Pancreas Conditions

Pancreatic Cysts

Pancreatic cysts are capsules or sacs that develop within the surrounding pancreatic tissue and contain fluid or semi-solid material. Most pancreatic cysts are benign (not cancerous), and many do not cause symptoms. However, some cause symptoms such as abdominal pain and nausea. While very large pancreatic cysts may create a lump that can be felt in the upper abdomen, most are not detectable during a physical exam and may only be discovered incidentally during an unrelated imaging procedure.

If your doctor finds a cyst in your pancreas, he or she will likely use one or more techniques to help determine if it is benign or malignant (cancerous), including:

•    Computed tomography (CT)

•    Magnetic resonance imaging (MRI)

•    Endoscopic ultrasound

These procedures can also help determine what type of cyst you have, which plays an important role in the selection of treatment.

If a pancreatic cyst is benign and not causing symptoms, the doctor will most likely recommend monitoring it for changes in size and quality, as some benign pancreatic cysts can become cancerous. If a pancreatic cyst is cancerous or is causing unpleasant symptoms, the doctor will generally recommend that the cyst be drained or surgically removed.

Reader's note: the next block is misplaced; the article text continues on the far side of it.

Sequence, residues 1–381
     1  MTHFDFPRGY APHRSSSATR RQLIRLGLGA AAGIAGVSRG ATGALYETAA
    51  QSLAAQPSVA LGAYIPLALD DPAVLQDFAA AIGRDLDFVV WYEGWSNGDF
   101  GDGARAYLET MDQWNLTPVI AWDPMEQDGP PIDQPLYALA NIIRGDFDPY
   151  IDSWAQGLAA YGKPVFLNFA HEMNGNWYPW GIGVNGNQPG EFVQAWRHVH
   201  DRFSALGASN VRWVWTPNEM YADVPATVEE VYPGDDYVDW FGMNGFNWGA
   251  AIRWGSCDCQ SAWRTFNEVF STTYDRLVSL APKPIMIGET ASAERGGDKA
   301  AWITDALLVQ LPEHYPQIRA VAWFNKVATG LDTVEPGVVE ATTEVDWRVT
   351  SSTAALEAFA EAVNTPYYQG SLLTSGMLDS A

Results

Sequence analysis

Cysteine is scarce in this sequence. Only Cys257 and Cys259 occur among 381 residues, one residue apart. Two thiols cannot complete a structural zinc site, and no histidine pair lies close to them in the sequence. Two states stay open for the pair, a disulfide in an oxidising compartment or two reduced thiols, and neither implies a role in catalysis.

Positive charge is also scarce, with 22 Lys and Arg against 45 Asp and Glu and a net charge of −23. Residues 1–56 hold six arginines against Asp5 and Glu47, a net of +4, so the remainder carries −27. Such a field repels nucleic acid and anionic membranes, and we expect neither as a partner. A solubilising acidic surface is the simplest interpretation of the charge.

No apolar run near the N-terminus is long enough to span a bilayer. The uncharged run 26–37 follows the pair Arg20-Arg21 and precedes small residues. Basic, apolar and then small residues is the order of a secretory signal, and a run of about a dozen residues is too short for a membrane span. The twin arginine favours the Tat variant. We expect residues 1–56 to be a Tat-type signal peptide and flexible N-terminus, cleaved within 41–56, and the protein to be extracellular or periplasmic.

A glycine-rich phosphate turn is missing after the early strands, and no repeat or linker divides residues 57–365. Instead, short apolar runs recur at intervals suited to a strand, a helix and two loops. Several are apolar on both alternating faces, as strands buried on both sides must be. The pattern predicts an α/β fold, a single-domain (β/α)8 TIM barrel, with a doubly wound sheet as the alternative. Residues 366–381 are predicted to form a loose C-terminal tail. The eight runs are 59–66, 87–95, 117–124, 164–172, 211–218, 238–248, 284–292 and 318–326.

IPMNs are cysts that occur within the pancreatic ducts. They are often cancerous or precancerous when discovered, especially when they involve the main pancreatic duct. Learn more >>

Mucinous Cystadenomas

Mucinous cystadenomas are also benign cystic tumors of the pancreas. However, they carry a higher risk of being or becoming malignant (cancerous). Learn more >>

Pancreatic Pseudocysts

As the name suggests, pseudocysts are not actually cysts. They are not sacs, but rather cavities inside the pancreas that are surrounded by fibrous tissue. Learn more >>

Serous Cystadenomas

Serous cystadenomas are multicystic, and are nearly always benign; therefore, they rarely require surgical removal. Learn more >>

Simple Pancreatic Cysts

Simple pancreatic cysts are benign and do not have the potential to become cancerous. They occur most often in children, and rarely occur in adults. Learn more >>

Solid and Pseudopapillary Neoplasms

Also known as papillary cystic tumors, these masses are usually more solid than cystic, generally occur in the body or tail of the pancreas, and are most often found in younger women of African-American decent. Learn more >>

Pancreas Treatments